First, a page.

Demand For Polysilicon Is Not Going Away

- Apr 08, 2019-

According to the general manager of French PV production equipment provider Apollon Solar, Jed Kraiem, multicrystalline cells are expected to have a share of only 40% in 2019 global demand, with mono PERC cell structures now clearly being in advantage thanks to higher efficiencies and increasingly lowering costs. He claims, however, that technological advances in the solar industry historically are implemented first in the mono segment and then transferred to the multicrystalline business.

In a statement released in the form of a Q&A round by Canada-based silicon mining company and vertically integrated producer of solar grade silicon metal and polysilicon, HQP Silicon Resources, the general manager of partner company Apollon Solar SAS, Jed Kraiem, has exposed his views on the future of multicrystalline products in the PV industry, while also presenting the recent advances of its company’s metallurgical approach for the production of polysilicon.

According to Kraiem, multicrystalline cells will represent about 40% of the global market in 2019, which would correspond to approximately 50 GW or 175,000 MT of polysilicon. “The new mono PERC cell structures enabled higher solar cell efficiencies and lower SoG-Si consumption, monocrystalline cells are presently gaining market shares compared to multicrystalline, but this does not mean that the market for multicrystalline solar cells is not without a future,” he said in one of his answers.

He claimed, on the other hand, that historically in the PV industry technological advances were always made first in the monocrystalline segment, and that these are transferred to the polysilicon business at a later stage. “When the significant cost reduction emanating from technological advances reaches the multi-c Si, it always gains back the market share lost to mono-Si,” he also stated. “So if there is a conclusion I would like readers to take away from this exchange is that demand for solar energy is not going away, therefore demand for SoG Si is not going away either.”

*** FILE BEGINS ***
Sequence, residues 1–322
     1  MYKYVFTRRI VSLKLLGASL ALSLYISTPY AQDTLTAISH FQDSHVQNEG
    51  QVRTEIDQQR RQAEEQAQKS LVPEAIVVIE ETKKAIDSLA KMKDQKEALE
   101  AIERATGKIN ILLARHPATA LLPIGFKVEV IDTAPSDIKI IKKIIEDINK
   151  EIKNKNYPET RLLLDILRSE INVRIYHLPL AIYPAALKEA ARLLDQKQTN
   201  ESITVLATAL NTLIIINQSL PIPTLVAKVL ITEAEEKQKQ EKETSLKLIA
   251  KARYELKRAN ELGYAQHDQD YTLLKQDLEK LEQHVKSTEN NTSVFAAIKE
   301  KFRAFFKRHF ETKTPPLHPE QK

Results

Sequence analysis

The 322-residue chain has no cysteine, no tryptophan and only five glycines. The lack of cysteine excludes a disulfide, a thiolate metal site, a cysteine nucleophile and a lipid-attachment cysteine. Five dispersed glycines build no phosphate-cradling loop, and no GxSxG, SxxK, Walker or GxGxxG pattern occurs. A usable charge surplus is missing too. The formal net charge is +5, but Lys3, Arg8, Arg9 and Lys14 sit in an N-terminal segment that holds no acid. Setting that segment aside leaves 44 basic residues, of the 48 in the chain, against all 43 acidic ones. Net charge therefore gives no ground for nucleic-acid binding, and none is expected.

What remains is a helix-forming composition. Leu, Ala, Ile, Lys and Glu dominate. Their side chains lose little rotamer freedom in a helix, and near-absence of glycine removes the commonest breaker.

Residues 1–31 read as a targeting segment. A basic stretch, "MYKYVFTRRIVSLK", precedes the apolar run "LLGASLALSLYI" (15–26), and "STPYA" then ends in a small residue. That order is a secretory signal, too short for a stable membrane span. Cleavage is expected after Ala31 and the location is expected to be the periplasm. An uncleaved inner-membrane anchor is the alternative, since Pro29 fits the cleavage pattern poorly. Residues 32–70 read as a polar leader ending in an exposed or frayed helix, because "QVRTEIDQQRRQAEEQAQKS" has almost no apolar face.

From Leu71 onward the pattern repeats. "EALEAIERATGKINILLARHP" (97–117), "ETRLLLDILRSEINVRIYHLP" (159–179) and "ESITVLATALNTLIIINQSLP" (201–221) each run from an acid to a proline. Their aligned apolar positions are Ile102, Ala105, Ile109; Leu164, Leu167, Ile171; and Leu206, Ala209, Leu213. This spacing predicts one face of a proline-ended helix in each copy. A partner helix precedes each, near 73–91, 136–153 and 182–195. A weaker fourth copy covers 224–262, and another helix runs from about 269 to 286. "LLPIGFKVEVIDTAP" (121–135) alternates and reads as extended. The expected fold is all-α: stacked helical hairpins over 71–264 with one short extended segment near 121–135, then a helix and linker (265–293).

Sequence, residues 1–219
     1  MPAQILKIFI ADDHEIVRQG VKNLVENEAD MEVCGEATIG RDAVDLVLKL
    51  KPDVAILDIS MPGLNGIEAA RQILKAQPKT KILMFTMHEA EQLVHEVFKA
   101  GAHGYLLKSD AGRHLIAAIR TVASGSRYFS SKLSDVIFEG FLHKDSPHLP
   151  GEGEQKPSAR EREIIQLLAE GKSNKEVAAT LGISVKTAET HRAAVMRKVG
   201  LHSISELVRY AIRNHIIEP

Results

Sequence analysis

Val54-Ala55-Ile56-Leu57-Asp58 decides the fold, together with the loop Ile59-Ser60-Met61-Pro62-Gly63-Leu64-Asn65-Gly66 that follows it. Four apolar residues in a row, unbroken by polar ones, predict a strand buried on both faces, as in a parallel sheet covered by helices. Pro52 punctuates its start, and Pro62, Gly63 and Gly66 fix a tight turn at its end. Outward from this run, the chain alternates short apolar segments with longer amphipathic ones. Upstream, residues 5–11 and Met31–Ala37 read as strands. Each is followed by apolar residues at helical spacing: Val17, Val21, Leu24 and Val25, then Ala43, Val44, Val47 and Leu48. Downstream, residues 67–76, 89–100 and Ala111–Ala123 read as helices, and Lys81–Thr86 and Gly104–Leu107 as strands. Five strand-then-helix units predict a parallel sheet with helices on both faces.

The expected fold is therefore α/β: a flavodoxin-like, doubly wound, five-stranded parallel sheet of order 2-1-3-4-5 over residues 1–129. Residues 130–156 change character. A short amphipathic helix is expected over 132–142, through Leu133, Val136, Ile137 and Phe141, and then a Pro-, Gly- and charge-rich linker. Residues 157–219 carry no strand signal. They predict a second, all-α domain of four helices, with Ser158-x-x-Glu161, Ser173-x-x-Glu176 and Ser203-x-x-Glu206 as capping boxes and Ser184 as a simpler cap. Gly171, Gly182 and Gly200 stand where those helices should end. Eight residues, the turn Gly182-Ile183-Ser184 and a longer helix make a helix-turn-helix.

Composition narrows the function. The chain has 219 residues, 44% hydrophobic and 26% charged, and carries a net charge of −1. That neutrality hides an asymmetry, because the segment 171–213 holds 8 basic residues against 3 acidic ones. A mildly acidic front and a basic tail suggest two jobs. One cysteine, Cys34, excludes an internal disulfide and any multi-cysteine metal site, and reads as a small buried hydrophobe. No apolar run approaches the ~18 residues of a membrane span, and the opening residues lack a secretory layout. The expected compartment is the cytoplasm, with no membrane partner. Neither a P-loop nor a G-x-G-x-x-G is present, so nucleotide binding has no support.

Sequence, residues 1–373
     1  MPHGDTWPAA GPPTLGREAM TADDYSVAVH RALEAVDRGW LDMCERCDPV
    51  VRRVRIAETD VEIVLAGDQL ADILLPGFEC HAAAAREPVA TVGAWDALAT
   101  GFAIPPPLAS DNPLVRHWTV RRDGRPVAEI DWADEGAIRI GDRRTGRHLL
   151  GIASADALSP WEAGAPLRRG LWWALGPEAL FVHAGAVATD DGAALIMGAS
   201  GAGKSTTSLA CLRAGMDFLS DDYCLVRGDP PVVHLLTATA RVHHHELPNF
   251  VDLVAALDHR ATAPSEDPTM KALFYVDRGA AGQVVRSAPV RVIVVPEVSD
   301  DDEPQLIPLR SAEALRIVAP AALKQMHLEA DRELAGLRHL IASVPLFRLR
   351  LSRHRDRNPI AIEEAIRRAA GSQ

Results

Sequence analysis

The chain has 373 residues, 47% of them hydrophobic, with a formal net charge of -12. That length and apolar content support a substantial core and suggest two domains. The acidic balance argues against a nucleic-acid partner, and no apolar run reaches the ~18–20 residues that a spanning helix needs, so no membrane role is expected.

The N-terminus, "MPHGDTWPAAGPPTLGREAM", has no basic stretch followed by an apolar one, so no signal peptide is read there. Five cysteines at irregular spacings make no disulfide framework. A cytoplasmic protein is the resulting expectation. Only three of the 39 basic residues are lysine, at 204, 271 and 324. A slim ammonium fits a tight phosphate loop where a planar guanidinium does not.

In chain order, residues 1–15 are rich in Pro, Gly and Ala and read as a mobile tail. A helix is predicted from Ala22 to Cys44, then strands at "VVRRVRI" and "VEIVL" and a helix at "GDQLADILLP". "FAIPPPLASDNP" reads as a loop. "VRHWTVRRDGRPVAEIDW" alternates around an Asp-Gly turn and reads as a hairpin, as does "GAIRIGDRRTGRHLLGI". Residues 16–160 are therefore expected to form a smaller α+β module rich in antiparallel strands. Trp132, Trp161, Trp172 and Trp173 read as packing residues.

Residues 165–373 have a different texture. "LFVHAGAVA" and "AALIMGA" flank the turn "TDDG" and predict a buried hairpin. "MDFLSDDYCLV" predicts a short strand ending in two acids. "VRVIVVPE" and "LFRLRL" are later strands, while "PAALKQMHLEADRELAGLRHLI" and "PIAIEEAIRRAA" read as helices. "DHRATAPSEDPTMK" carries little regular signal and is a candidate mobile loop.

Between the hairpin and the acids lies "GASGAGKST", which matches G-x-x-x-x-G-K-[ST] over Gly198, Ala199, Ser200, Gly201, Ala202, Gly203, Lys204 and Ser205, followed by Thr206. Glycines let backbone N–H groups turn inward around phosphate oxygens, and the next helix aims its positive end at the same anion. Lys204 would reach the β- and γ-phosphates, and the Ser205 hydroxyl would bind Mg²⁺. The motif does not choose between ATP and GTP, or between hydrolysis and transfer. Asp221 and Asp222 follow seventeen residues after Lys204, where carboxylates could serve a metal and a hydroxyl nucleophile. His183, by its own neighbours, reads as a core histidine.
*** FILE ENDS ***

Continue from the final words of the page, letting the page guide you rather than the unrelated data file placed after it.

Kraiem is also convinced of the strong potential of Apollon Solar’s PUREVAP technology for the production of polysilicon, which is said to be the first ever conceived, although not the only one, to manufacture entirely monocrystalline Czochralski (Cz) ingots made of 100% solar grade silicon with upgraded metallurgical grade silicon (UMG). He also claims, on the other hand, that the company has obtained open circuit voltage of 690 mV on standard Photosil Multi-crystalline Si wafers with a resistivity of 0.5 in partnership with Australia’s University of New South Wales, and that it also achieved a maximum conversion efficiency of 21.1% on N-type wafers, by teaming up with the Australian National University. “Furthermore, without betraying any secret, we can already say that this record should be largely beaten in the coming months,” he also affirmed.

Apollon Solar entered into a partnership with HQP Silicon Resources in December 2017. At the time, the two companies said the successful commercial scaling-up of the PUREVAP process would lead to the production of solar quality silicon at a significantly lower cost compared to those of competing process technologies, including Siemens chemical process used by competitors such as Norway’s Elkem Solar, and Silicor Materials, which is planning to build a $1 billion factory in Iceland.

Later in August 2018, HQP unveiled a plan to set up a pilot production to transform quartz into silicon metal with a capacity of 50 MT. The production equipment will be installed at the facility of PyroGenesis Canada (PYR) in Montreal, at a cost of around CA$8.9 million (approximately US$6.8 million).